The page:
Michael Shuman: King of Queens

WHEN QUEENS OF THE STONE AGE ENTERED the studio for their sixth studio album, Michael Shuman put expectations aside to go with the flow of his more seasoned bandmates.
Author:
Publish date:

WHEN QUEENS OF THE STONE AGE ENTERED the studio for their sixth studio album, Michael Shuman put expectations aside to go with the flow of his more seasoned bandmates. Shuman’s aggressive and thoughtful playing supplies the backbone to the manic desert-rock record, … Like Clockwork. What he didn’t expect was that the process would mark the end of drummer Joey Castillo’s 11-year tenure with the band, or that the ensuing sessions would bring forth collaborations with Trent Reznor, Dave Grohl, and Sir Elton John.

“It was definitely a learning experience for me on how they work together, but it was a difficult record to make for everyone. We gave it a first try, and because of different circumstances, we took a break and reconvened. Then it all seemed to click.” And click it did. Shuman’s powerful lines on “My God Is the Sun” and “I Sat by the Ocean” solidify his role in the lineup, while demonstrating his melodic interplay with Josh Homme’s and Troy Van Leeuwen’s guitars.

What was the writing process like for this album?

It’s great because there isn’t an ego problem; the best idea always wins. For “If I Had a Tail,” for example, Josh brought the idea in the morning, we worked out an arrangement in the afternoon, recorded it all in the evening, and then he put vocals on late that night and we were done. But some ideas took a long time for us to figure out their identity.

That’s a tight bass groove on “I Appear Missing.”

We worked out that song in the early stages, but I wasn’t thrilled with my part. Then Dave Grohl came in to take over the sessions after Joey departed, and it all changed. The groove throughout the song just came together when we started playing. It has somewhat of a goth-dub feel that I love, because I’m a big Bauhaus fan.

How was it working with Grohl and your new drummer, Jon Theodore from the Mars Volta?

I grew up listening to those guys, and I’m a huge fan of their drumming. Playing with Joey for so long really locked us in together, and it’s hard to walk away from that situation. Whether it’s good or bad, it’s refreshing to play with new drummers. It makes you explore and approach things in a new way. I catch myself playing totally differently with Jon.

How do you create your tone?

It changes from song to song. On “The Vampyre of Time and Memory,” I used more of a Paul McCartney feel; I plucked the line and used flatwounds strings on a hollow-body bass. My dream rig is an Ampeg SVT, 8x10 cabinet, and an Acoustic 360, but when you go into the studio it’s not logical to use a rig like that. So we use a lot of vintage combo amps to get better frequencies.

You play many different instruments. What’s your attraction to bass?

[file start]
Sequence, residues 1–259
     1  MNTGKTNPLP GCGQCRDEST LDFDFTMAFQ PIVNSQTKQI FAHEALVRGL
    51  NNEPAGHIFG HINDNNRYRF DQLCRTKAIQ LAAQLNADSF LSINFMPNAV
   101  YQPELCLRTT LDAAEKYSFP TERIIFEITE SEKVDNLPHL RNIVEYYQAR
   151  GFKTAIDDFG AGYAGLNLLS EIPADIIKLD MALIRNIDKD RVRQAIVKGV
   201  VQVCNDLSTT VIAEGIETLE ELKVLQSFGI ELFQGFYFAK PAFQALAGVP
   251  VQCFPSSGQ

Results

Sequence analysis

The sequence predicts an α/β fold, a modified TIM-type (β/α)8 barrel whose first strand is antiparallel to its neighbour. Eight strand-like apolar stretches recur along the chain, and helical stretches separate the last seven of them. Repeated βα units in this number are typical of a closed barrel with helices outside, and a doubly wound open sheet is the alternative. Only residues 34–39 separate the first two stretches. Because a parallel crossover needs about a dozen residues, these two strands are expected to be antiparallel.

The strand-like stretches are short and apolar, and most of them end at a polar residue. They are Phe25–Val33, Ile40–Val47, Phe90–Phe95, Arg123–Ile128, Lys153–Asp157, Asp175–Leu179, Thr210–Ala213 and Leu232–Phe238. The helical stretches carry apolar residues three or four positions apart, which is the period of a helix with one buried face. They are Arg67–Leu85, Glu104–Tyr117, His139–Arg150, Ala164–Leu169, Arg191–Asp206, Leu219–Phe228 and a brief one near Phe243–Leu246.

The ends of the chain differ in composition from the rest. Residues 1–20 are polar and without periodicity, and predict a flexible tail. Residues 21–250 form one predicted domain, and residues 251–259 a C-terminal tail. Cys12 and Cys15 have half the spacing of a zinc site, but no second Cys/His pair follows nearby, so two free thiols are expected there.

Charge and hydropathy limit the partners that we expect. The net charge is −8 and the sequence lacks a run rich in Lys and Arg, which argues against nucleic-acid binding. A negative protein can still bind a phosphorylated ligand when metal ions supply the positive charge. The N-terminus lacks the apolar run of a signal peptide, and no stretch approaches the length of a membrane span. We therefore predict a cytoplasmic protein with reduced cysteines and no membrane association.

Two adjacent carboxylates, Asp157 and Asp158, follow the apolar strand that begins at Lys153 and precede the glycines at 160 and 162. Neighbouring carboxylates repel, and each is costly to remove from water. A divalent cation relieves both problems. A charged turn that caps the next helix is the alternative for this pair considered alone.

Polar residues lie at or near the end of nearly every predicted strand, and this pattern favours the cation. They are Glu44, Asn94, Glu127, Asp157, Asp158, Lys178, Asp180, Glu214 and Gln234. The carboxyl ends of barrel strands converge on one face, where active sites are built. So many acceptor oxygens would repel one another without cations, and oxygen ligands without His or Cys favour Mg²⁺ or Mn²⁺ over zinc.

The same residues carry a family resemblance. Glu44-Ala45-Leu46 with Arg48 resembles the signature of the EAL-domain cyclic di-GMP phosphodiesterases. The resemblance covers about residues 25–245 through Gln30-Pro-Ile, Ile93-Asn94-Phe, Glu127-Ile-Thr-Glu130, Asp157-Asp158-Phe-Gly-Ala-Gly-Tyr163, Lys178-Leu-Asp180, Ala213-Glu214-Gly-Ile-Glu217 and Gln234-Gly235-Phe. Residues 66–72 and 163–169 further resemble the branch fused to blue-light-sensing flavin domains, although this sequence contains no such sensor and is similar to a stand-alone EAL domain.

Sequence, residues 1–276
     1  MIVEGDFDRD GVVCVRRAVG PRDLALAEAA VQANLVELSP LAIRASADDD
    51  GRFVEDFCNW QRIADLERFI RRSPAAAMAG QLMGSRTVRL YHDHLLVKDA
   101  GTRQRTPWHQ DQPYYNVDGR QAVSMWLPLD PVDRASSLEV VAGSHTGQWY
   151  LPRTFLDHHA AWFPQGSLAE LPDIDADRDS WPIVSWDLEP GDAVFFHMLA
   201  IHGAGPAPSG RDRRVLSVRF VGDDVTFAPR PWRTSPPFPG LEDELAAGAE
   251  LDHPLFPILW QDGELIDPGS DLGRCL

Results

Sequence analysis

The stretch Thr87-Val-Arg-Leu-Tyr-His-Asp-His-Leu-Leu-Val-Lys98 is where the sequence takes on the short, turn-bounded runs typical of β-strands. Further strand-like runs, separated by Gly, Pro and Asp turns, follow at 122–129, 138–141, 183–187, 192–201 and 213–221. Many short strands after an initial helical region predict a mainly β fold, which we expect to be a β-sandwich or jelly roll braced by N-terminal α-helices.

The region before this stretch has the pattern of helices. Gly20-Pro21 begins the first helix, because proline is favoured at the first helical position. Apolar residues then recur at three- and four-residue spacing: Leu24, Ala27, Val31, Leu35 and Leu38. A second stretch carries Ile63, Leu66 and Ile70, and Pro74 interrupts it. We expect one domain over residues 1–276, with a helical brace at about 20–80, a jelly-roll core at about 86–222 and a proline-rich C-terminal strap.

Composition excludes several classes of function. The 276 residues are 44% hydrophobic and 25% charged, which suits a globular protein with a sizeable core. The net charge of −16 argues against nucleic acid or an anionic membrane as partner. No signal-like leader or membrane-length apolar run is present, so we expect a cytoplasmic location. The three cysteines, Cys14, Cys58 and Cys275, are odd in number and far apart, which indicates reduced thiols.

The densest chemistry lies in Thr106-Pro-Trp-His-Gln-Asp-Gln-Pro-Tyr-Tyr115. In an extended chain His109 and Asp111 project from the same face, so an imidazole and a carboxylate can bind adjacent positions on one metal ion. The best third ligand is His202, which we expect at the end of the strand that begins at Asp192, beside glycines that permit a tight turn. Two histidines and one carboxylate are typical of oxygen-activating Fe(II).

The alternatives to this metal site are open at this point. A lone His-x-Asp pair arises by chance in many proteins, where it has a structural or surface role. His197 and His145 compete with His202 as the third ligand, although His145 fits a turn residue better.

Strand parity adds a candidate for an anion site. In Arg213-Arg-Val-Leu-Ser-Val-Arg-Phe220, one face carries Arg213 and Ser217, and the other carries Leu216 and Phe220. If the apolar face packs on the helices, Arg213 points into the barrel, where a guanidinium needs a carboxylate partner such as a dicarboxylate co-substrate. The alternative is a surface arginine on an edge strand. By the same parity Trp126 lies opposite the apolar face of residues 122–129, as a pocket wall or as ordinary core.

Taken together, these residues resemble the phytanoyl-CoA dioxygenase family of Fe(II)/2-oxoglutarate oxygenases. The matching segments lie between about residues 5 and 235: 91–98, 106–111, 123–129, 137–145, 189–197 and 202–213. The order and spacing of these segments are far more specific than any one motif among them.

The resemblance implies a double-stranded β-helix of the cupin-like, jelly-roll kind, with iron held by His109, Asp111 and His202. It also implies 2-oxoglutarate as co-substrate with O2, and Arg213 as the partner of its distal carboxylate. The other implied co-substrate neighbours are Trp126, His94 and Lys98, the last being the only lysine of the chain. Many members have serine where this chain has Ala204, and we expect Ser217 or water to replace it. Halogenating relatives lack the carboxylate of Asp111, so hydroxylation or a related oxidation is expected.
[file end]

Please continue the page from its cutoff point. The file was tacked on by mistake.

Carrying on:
I started on guitar when I was seven, and at 14 I started a band. I felt like bass players got a bad rap, so I wanted to become a bass player who was creative and the best at what I did—I didn’t want to be just another bass player. Being part of the group is so important, and being part of the backbone makes it more exciting for me.

INFO

LISTEN

Queens of the Stone Age, … Like Clockwork [Matador, 2013]

EQUIP

Basses Fender American Vintage 1963 Jazz Bass, Fender American Vintage 1952 Precision Bass, 1967 Gibson EB2
Rig Fender Bassman 300 Pro, Fender 810 Pro V2 8x10 Fender 115 Pro 1x15
Effects Way Huge Angry Troll boost, Way Huge Swollen Pickle fuzz
Synth Moog Little Phatty

Related

Image placeholder title

Paz Lenchantin Powers the Pixies

In the summer of 1997, Argentina-born, Los Angeles-raised Paz Lenchantin was just beginning to put herself out into the music scene at age 24 when she received a call from guitarist Joey Santiago of the Pixies.

Men in the Mirror: The Bassists of Michael Jackson How Alex Al And His Predecessors Pumped Up The King Of Pop

THERE’S A REVEALING EXCHANGE ABOUT FIVE MINUTES into This Is It, the documentary about the late Michael Jackson’s planned world tour, in which the Gloved One is encouraging his keyboardist to play the answer riff to the penetrating bass line of “Wanna Be Startin’ Something” funkier. “It’s not there yet,” he says gently, before singing the entire two-measure groove flawlessly in the pocket, while playing air bass. Real bass seems to have always been at the forefront of Jackson’s music, whether it came from studio savants in Detroit, Los Angeles, Philadelphia, and New York, or his landmark use of synth bass that remains in vogue to this day. Alex Al, Jackson’s bassist since 2001 and a member of the seven-piece band featured in the film, concurs. “Bass was the most important instrument to him. He’d make references to Paul McCartney’s melodic playing with the Beatles, James Jamerson being upfront and center with Motown, or Stevie Wonder’s left hand.”

Michael Janisch : Scene Splitter

WISCONSIN-BRED MICHAEL JANISCH obsessed over Flea’s lines, played electric in rock bands, and earned a history degree on a football scholarship before studying jazz at Boston’s Berklee College of Music. There, he refocused on the upright, deepened his love for the playing of Paul Chambers and Ray Brown, and prepped for a period in New York. In 2007, he permanently relocated to London. Janisch’s debut solo CD, Purpose Built, recorded in Brooklyn, is a transatlantic effort that highlights Janisch’s fleet-fingered fretboard work, and features superb performances by the likes of pianist Aaron Goldberg and drummer Johnathan Blake. The group takes on an eclectic set of challenging, inventive original compositions, and bracing arrangements of standards.